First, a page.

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The error "Permission denied, please try again" is returned when the root user logs on to a Linux instance through SSH.

Last Updated: Sep 21, 2020

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When a root user logs on to a Linux instance over SSH, the error "Permission denied, please try again" is returned. This topic describes how to resolve this issue.



When you log on to an ECS instance using SSH, an error message similar to the following is returned even if you have entered the correct password as the root user.

Note: non-root users can log on normally, and the root user passesManagement terminalYou can log on normally.

  • Permission denied, please try again.

  • The SSH server rejects the password. Please try again.

Check the secure log. If the following error information is contained, the problem is usually caused by the SELinux service enabled. SeeSolution to SELinux problems. For other cases, seeSolution to problems caused by disabling root user logon.

error: Could not get shadow infromation for root.


Solution to problems caused by disabling root user logon


  • The Linux configurations and descriptions in this article have been tested in the CentOS 6.5 64-bit operating system. The operating system configurations of other types and versions may be different. For details, see the official documentation of the corresponding release.
  • These policies can improve server security. Before you modify the configuration, make sure that you have a balance between security and ease of use.

Follow these steps to check and modify the configuration.

  1. PassManagement terminalLog on to the ECS instance of the Linux system.

  1. Run cat or other commands to view/Etc/ssh/sshd_configWhether the configuration file contains configurations similar to the following.

    PermitRootLogin no

    Note: The following table describes this parameter.

    • Root users are allowed to log on if this parameter is not set (default) or set to yes. Root user logon is disabled only when this parameter is set to "no.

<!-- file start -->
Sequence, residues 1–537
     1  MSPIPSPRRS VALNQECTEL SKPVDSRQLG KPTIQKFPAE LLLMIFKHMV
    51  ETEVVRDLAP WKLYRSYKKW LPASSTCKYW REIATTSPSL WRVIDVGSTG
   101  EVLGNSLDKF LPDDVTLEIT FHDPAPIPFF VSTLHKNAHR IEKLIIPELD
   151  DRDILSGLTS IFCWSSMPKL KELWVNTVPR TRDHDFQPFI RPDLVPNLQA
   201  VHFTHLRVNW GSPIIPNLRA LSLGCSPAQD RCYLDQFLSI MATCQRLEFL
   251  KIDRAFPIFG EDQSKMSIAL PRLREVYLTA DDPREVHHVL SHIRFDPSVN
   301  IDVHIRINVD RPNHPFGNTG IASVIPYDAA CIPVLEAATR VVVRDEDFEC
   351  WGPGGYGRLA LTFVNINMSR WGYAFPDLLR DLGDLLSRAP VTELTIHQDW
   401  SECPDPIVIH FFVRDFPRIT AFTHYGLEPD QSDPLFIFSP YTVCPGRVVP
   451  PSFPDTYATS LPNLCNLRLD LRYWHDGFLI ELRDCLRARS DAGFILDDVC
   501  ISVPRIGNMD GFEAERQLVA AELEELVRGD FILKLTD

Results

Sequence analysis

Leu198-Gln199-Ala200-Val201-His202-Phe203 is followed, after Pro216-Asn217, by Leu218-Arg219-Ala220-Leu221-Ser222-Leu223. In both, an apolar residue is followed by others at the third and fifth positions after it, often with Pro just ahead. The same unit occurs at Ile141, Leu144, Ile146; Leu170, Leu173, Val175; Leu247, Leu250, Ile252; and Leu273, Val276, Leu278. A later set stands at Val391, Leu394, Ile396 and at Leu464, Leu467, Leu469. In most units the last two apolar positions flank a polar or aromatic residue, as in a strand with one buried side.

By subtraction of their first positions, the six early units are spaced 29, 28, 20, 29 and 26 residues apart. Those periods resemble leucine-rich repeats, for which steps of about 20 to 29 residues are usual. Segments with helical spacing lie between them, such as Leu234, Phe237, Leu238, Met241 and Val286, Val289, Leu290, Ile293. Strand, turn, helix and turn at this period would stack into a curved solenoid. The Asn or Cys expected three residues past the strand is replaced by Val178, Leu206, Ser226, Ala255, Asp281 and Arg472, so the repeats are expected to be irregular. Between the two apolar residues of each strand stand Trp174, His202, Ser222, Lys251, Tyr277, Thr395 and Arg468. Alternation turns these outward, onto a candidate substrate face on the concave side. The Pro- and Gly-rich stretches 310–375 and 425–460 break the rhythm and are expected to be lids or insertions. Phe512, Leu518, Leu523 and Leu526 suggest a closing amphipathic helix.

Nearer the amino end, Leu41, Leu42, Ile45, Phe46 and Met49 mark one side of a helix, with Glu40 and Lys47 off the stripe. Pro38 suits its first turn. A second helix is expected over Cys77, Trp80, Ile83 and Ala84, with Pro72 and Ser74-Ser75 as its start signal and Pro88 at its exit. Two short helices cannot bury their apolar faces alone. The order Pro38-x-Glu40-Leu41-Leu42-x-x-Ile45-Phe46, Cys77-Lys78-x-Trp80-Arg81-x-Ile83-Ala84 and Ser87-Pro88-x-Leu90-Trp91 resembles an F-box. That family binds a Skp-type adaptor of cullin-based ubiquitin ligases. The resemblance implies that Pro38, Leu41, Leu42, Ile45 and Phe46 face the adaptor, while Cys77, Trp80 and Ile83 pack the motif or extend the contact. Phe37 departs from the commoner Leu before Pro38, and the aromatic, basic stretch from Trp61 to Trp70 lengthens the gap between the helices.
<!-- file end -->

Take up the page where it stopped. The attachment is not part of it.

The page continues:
• This parameter only affects the SSH logon of the root user.Management terminalOr other methods such as logging on to the system.

  1. Use an editor such as vi to set the parameter value to yes, delete the parameter, or add a number sign (#) at the beginning of the parameter. For example:# PermitRootLogin yes.
    Note: We recommend that you back up the configuration file before you modify it.
  2. Run the following command to restart NTP:

    service sshd restart
  3. Try to log on to the server as the root user again.
  4. If the problem persists, seeGuidelines for troubleshooting failed remote logon through SSH in Elastic Compute Service LinuxFurther troubleshooting and analysis.


Solution to SELinux problems

You can choose to temporarily or permanently disable SELinux to solve SSH connection exceptions based on the on-site environment requirements.


Check the SELinux service status

  1. PassManagement terminalLog on to the Linux instance and run the following command to check the current SELinux Service Status.
    /usr/sbin/sestatus -v 
    A similar output is displayed.
    SELinux status:       enabled
    Note:IfSELinux statusThe parameter isEnabledIs enabledDisabledIs disabled.


Temporarily disable SELinux

Log on to the Linux instance and run the following command to temporarily disable SELinux.

Note:You can modify the SELinux service status in real time without restarting the system or instance.

setenforce 0


Disable SELinux permanently

Log on to the Linux instance and run the following command to disable SELinux permanently.

Note:The SELinux service status can only be changed permanently after the system or instance is restarted.

sed -i 's/SELINUX=enforcing/SELINUX=disabled/' /etc/selinux/config

Note:This command is only applicable to the current SELinux serviceEnforcingStatus.


Application scope

  • ECS